Showing posts with label Indians. Show all posts
Showing posts with label Indians. Show all posts

Tuesday, August 24, 2010

Letter of the Day: August 24

Fort Bridger, Utah

August 24th 1868.




In reply to your communication dated January 14th 1868, concerning specimens for the Army Medical Museum, I will state that opportunities of observing the results of “injuries + surgical diseases of the lower animals” at this post are very limited + nothing has come under my observation since the date of your letter that could be contributed to the section of the Museum illustrative of the subject.


Large wild game such as buffalo, elk, deer, antelope +c, are not found in this immediate vicinity + such is very seldom indeed brought to the post.


As a consequence of the scarcity of game no bands of Indians camp near hear except during a short time in the early summer when they collect to receive annuities, + are soon off for their fishing and hunting grounds again. I have not known of the death of an Indian in this locality since I have been stationed at the post – hence have had no opportunity of collecting crania.


During the present summer I have obtained specimens of bows + arrows from three tribes that have passed through the post – the Shoshone, Bannack + Ute – the weapons will be sent to the museum by Express + it will be observed that there is much similarity in those of the three tribes – all of them roving over the country in different direction within 200 miles of the post. The bows of all are usually made of the bow of oxyokes obtained along the several emigrant routes through the country. When first obtained they are soaked in hot water until they become pliable, + are bent into their present shape, reversing the curve as found. The component curve in the middle of the bow is thus easily obtained. The front or outer part of the bow is then curved with shreds of tendons obtained from along the spine of their game – either deer or buffalo. This is securely fastened on, as will be observed, by glue, which the Indian makes from the hoof or horn of the game. The elasticity of the bow is increased in this way.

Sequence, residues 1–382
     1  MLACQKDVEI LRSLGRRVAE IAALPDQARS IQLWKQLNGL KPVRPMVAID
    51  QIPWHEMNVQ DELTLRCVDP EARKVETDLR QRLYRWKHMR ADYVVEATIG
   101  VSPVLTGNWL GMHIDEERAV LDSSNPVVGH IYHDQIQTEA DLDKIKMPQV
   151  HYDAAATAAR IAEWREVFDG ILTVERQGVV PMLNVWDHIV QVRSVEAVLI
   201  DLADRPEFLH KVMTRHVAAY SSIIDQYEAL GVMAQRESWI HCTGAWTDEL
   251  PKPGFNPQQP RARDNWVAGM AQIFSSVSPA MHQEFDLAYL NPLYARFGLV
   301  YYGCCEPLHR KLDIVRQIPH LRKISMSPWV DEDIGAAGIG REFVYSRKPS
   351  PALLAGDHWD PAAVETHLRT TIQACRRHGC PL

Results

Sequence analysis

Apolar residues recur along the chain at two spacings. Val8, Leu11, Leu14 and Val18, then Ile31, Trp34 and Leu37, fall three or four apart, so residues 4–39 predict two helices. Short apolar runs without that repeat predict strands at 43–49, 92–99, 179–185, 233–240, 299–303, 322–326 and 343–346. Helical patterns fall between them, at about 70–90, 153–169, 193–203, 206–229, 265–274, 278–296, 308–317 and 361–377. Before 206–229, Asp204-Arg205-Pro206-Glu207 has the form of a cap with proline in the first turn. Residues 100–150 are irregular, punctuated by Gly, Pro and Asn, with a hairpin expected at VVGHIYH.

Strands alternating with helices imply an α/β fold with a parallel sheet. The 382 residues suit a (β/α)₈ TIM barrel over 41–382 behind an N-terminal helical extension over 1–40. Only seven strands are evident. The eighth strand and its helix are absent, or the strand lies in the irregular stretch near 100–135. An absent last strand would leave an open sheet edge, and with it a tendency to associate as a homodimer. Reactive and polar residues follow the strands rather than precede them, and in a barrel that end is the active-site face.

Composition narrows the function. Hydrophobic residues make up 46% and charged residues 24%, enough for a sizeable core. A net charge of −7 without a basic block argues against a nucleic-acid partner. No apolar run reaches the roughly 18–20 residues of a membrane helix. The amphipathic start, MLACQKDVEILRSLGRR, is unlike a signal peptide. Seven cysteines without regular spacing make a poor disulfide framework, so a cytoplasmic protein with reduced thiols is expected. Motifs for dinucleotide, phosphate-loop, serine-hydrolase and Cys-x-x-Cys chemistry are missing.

The strings they make of tendons also.


The specimen of the Shoshone bow is one of the finest I have ever seen both as regards finish and springs. The remark about the similarity of the bows will apply also to the arrows. Those of the Utes are shorter than the arrows of either of the other tribes + the feathers extend along a greater proportionate length of the arrow. The grooves along the arrows are not made of a uniform curvature, but with these three tribes, they will be found much more tortuous than on the arrows of the Sioux, Cheyenne + Arapahoes, who roam on the Eastern slope of the Rocky Mountains. The grooves in their arrows are nearly straight. The object of these grooves is to facilitate the escape of blood while the arrow remains in the body of the animal.


The feathers on the arrows in these specimens, it will be seen, are fastened only at the extremities. On the arrows of some tribes they are attached the entire length of the feathers by glue.


The base of the arrow heads of these tribes are never bearded, + in some instances, as in the forwarded specimens of the Ute arrow, the slope of the base is in the opposite way, as if to facilitate its removal from the body. The Sioux, I am informed make their arrow heads more or less bearded. The round pointed arrows are used in shooting small games such as rabbits, birds, prairie dogs +c


The tomahawk sent is a weapon not often carried by the tribe from which I obtained it + the buck who had it, displayed it from his quiver more as an ornament than otherwise. These instruments are made in the East and sold to the Indians by traders. The specimen I forwarded is made to be used as a pipe, but it is of doubtful utility in that respect + seems not to have been used as such by the owner.


I send also a specimen of a Navajo arrow said to have been poisoned. A dark substance may be observed adhering to the arrow just above the head.


This description of the articles sent may not be desired but as it may not be entirely devoid of interest to yourself or to others, I have thought it best to give it.


The articles I have forwarded were purchased of Indians for cash to the amount of twenty-seven dollars. This may be regarded as an unreasonable expenditure for things of so little intrinsic value, but in consequences of the liberal prices they always obtain for every thing they sell at this post, I was unable to get them at a lower rate.